Officials from Persian Gulf countries have expressed concern to Israel over far-right candidates being elected to the Knesset, according to a Wednesday report.
Gulf officials told Israeli diplomats that electing lawmakers who have expressed anti-Arab and anti-Muslim sentiments was “likely to hurt normalization” between Israel and Arab states, the Kan public broadcaster reported, without identifying which countries the Gulf officials were from.
In recent days, the Gulf officials said they expected Prime Minister Benjamin Netanyahu to condemn racist statements from lawmakers, the report said.
Last year, Israel signed normalization agreements with the Gulf’s United Arab Emirates and Bahrain, as well as with Morocco and Sudan.
Netanyahu made the historic agreements and his foreign policy a centerpiece of his election campaign.
Netanyahu engineered an alliance between the right-wing Religious Zionism party, the far-right candidate Itamar Ben Gvir and the anti-LGBTQ Noam faction to maximize the potential of right-wing votes, fearing the loss of a right-wing majority in the Knesset if Religious Zionism failed to pass the electoral threshold.
With 89 percent of the vote counted as of Wednesday night, Religious Zionism appeared to have outperformed expectations and was expected to win 6 seats, putting Ben Gvir in the Knesset.
Jewish supremacist Ben Gvir is an admirer of the late extremist anti–Arab Rabbi Meir Kahane, who was barred from serving in the Knesset for racism.
Ben Gvir’s Otzma Yehudit party supports encouraging emigration of non-Jews from Israel and expelling Palestinians and Arab Israelis who refuse to declare loyalty to Israel and accept diminished status in an expanded Jewish state, whose sovereignty they wish to extend throughout the West Bank.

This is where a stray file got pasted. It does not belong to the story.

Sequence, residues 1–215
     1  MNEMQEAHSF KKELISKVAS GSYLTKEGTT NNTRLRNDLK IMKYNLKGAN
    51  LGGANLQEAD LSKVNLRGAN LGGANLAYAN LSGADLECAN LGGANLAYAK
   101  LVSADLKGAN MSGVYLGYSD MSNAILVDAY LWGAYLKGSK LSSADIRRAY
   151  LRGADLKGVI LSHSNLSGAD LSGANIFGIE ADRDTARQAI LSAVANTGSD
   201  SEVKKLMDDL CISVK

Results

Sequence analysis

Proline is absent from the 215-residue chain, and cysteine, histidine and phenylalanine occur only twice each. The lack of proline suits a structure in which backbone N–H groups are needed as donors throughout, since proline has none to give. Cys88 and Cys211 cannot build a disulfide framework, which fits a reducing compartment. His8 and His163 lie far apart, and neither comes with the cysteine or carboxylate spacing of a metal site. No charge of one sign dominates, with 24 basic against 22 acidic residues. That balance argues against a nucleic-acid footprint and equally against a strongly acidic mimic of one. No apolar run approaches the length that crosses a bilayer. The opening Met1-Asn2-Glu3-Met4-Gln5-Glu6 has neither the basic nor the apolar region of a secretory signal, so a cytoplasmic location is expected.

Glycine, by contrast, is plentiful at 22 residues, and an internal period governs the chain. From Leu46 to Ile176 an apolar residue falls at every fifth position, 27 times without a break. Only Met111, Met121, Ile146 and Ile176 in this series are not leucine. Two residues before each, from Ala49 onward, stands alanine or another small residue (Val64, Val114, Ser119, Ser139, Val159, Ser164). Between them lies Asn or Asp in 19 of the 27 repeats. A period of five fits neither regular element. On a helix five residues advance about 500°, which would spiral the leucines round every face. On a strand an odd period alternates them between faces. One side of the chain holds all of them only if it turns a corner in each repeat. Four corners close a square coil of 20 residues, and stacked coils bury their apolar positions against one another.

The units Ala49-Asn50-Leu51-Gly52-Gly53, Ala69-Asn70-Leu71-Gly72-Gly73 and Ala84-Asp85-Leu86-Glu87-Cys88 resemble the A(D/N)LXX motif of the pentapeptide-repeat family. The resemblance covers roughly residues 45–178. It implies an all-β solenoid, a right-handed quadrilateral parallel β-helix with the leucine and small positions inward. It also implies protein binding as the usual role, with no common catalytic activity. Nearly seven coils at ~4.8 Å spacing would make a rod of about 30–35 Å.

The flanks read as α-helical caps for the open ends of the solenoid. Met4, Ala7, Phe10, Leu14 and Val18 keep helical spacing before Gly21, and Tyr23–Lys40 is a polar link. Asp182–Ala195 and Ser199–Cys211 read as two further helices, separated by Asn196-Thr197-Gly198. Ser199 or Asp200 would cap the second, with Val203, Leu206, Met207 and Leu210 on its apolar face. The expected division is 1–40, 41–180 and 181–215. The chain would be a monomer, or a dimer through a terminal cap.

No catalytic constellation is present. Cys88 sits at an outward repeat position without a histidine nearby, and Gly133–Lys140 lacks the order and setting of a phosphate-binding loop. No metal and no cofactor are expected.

Ben Gvir was said to have once had a photo of Jewish terrorist Baruch Goldstein in his living room.
In 2007, Ben Gvir was convicted of inciting racism and supporting a terror group after holding up signs reading, “Expel the Arab enemy” and “Rabbi Kahane was right: The Arab MKs are a fifth column.”
The tensions reported on Wednesday were not the first dust-up between Israel and the Gulf in recent weeks.
Last week, a UAE official appeared to criticize Netanyahu for his attempted use of Abu Dhabi as a stop on the campaign trail, saying the normalization deal was not made for the benefit of individual leaders. The planned visit, which Netanyahu canceled, sparked the first diplomatic tiff between the two countries since the normalization deal was signed.
“The UAE signed the Accords for the hope and opportunities they provide our people, not individual leaders,” the Emirati official said. “Personalizing and politicizing the Accords in this way demeans the historic achievement. The UAE will not go down that road.”
Another Emirati official said in pointed comments that the United Arab Emirates would not get involved in Israeli electioneering.
“From the UAE’s perspective, the purpose of the Abrahamic Accords is to provide a robust strategic foundation to foster peace and prosperity with the State of Israel and in the wider region,” tweeted Anwar Gargash, an adviser to UAE President Sheikh Khalifa bin Zayed.